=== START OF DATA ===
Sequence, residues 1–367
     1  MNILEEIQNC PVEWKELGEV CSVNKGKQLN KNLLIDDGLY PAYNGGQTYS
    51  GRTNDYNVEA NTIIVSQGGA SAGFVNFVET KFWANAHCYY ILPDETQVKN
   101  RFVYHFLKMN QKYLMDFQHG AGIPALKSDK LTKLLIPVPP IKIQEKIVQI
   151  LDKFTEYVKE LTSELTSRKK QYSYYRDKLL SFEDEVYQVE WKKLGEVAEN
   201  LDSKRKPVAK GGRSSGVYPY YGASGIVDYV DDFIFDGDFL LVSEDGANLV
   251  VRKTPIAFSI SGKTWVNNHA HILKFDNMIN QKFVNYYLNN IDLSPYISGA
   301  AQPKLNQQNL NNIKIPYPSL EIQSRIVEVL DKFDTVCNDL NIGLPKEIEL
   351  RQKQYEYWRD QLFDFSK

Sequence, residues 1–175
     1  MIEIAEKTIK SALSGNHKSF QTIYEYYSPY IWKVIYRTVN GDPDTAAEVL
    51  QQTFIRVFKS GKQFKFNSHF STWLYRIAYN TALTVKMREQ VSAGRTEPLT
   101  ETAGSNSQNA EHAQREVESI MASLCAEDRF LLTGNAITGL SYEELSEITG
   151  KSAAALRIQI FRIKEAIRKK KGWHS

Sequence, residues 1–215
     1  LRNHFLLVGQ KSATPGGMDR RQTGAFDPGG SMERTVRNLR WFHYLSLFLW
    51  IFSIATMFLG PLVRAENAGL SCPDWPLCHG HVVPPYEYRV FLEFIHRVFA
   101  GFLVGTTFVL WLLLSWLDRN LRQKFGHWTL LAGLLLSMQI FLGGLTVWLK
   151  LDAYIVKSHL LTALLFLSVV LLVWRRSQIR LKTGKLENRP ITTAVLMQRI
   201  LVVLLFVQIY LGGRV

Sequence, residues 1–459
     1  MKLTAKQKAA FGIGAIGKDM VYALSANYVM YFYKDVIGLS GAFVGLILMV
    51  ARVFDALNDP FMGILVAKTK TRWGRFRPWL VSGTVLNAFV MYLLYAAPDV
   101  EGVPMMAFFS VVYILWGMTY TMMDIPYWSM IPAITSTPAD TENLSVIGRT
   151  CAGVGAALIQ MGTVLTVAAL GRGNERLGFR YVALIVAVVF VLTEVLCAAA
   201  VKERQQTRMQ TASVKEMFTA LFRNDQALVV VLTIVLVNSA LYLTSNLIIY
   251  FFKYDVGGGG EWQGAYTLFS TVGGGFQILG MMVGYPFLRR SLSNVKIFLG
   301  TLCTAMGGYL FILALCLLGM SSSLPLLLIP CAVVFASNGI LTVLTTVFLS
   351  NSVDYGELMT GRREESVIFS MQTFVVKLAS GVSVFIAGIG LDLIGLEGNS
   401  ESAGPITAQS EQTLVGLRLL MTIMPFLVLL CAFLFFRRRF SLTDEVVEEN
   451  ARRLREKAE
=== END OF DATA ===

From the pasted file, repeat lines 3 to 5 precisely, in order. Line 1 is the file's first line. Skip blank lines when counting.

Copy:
    51  GRTNDYNVEA NTIIVSQGGA SAGFVNFVET KFWANAHCYY ILPDETQVKN
   101  RFVYHFLKMN QKYLMDFQHG AGIPALKSDK LTKLLIPVPP IKIQEKIVQI
   151  LDKFTEYVKE LTSELTSRKK QYSYYRDKLL SFEDEVYQVE WKKLGEVAEN